Many years ago, when I was probably in my mid-twenties, I had a strange kind of epiphany while spending an African summer evening home alone at my folks. They were out, I can’t remember where, and I was still living with them — enjoying time to myself in their spacious and rather luxurious home. It was a beautiful summer evening. I made myself dinner (some sort of rice stir fry, with a decent amount of rum thrown into the sauce — I don’t know why, I just thought it would be nice. It was.). I sat down, finished my dinner, and then decided I wanted to listen to some music.
My dad has a pretty great hi-fi set up. I remember with much fondness the days, when I was in my preteen years and early teens, when I would go with him to various upscale hi-fi stores and join him in his endless hunt for the best speakers, the best tape player, the best vinyl set up, and the best everything sound and technology (and his budget) could allow. We would crowd into these dark and mysterious demo rooms, and sometimes he would bring his own record with, and he’d ask them to pop it on, and then we’d sit down and he and I would just listen to the music and critique the quality of the sound.
“What did you think of that one, son?” he’d ask me. And I’d pretend I knew the answer. “Yeah dad. Really nice bass on that amp.”
He would stop and think. “Hmmm. But it can be better.” Then he would turn to the attendant. “Let’s try those Mission speakers again… and maybe afterwards the Celestions.”
I would listen along with him, and every time he would make a comment or ask me about my thoughts, I would learn some more. Eventually I’d get a little courageous and ask the attendant, “Can you fiddle with the EQ? Maybe put the top end up a bit.” My dad would smile, or not say anything — the latter making me feel like he thought it was a good idea and approved of my suggestion; that he was taking it seriously, and so should the attendant.
That night at my folks, while eating my dinner, I reminisced about these times with my dad, as I still often do, as they were good times when I felt he and I were connecting over a mutual passion, that being music — and actually that we were doing far more than just connecting over music but were actually connecting like father and son. I suppose my passion and love for music really comes from him. From an early age he exposed my brother and I to all sorts of music — and he would tell us things about what we were listening to and what it meant, and what made the sound good, and educate us without making it into some sort of lesson. I would always listen eagerly and learn.
In later years, my dad would get music DVD’s and we would watch them together late into the night, commenting on the performance, the sound, where this or that group is these days, and what made or makes them so good.
I cherish all these times deeply.
So that night I thought to myself that I would scratch through my dad’s vinyls and pull out some of the old classics I grew up with as a kid. This was a time in my life, as I think most people in the ‘quarter’ part of their life go through, when you start trying to link your present identity back into your identity as a kid. During your teenage years you go through a time when “new” is always better — your music is better than your dads, your generation is smarter and cooler, and that old generation doesn’t really know much. You go through a time of breaking out of your childhood, and everything you do is an effort to do that. That breaking out is healthy, but sometimes it’s done in an unhealthy way.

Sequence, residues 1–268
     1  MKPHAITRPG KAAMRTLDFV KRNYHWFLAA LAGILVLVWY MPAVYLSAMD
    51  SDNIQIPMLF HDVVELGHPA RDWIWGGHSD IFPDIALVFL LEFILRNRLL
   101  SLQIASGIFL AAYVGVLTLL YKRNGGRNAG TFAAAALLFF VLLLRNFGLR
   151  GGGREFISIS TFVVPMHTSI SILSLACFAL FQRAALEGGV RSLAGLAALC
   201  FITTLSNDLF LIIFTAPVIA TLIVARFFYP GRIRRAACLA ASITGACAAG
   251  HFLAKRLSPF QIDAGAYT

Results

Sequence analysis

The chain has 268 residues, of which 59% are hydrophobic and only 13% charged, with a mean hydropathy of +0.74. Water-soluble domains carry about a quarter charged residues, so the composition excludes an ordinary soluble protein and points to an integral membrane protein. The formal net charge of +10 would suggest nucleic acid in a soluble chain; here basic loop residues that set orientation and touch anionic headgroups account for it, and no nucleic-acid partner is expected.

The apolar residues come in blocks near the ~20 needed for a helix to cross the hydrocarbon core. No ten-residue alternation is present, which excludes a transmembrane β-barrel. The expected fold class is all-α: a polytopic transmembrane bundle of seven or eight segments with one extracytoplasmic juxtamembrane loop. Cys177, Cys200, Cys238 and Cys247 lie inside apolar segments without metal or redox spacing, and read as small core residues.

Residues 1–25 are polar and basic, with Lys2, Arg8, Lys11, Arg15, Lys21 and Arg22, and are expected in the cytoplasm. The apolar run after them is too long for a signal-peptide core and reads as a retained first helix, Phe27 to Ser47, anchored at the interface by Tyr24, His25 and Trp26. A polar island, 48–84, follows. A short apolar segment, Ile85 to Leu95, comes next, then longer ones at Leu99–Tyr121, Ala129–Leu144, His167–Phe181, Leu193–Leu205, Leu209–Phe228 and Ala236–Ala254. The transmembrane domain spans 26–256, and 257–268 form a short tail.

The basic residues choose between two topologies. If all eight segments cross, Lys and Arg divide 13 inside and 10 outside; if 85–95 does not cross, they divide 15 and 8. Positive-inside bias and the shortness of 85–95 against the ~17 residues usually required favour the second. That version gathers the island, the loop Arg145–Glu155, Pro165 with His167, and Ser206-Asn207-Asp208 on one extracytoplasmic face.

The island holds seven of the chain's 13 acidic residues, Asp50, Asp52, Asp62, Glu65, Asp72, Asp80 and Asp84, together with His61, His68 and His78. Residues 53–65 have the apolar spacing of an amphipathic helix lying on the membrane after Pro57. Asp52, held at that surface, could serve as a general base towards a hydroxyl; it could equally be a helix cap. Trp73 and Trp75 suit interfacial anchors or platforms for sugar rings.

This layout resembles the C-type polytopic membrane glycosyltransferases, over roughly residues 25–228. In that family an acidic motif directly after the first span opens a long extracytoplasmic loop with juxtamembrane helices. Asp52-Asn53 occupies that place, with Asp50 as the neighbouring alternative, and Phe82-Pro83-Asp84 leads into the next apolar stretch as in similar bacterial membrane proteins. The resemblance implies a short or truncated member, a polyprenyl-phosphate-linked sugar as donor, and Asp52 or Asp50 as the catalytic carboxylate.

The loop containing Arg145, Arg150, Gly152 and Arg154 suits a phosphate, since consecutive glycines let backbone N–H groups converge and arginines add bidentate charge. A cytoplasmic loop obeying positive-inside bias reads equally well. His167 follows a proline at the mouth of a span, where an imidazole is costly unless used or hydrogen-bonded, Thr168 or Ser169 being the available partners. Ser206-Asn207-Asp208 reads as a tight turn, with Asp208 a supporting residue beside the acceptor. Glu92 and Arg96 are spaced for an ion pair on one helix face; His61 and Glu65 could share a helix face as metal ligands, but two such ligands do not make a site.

But then you start to settle and you start to try and link who you have become with who you always were — you start to appreciate the fact that your dad and mom’s blood also runs through your veins. As a young man, you start looking for that connection to your dad again — and you find that somehow that connects you to yourself better. So you go back to the things that you find do that for you.
So this was a time in my life when I was, without actually realising it, beginning to collect the music of my childhood. The music I would hear on the radio when I was six years old. Nostalgia eventually becomes an old, reliable friend. Phil Collins, Bruce Springsteen, Paul Simon, Pink Floyd… these were the names my dad used to have on vinyl and tape. I would mix them with some of my own favourites from my childhood — Aha, Tears for Fears, and other music from the 80’s.
I had, probably a week or two before this, bought Paul Simon’s classic album, Graceland on CD. (Yes, this was during the CD days.) So this night, as I rummaged through my dad’s vinyl collection, I was presented with something I had never seen or heard before: Paul Simon’s The Rhythm of the Saints.
I knew a fair amount of Simon’s music at the time. I knew there wasn’t just Graceland, but there was his whole original stint with Garfunkel, and “that album” with that song “Allergies” on it (a song I liked as a kid because I grew up with intense allergies). But what was this? I looked at the copyright and read the insert. So this was after Graceland? Well, why had I not actually heard about it?
Graceland was a big deal growing up, because I grew up under apartheid. Simon coming to South Africa and recording with black musicians was something I remembered hearing the grown-ups speak about with strange, hushed or excited tones. I never understood why my uncles and older cousins spoke about it like they did until I got older, of course. But the point is simply to state that I knew all about Graceland — but this The Rhythm of the Saints album was something I had never heard about before.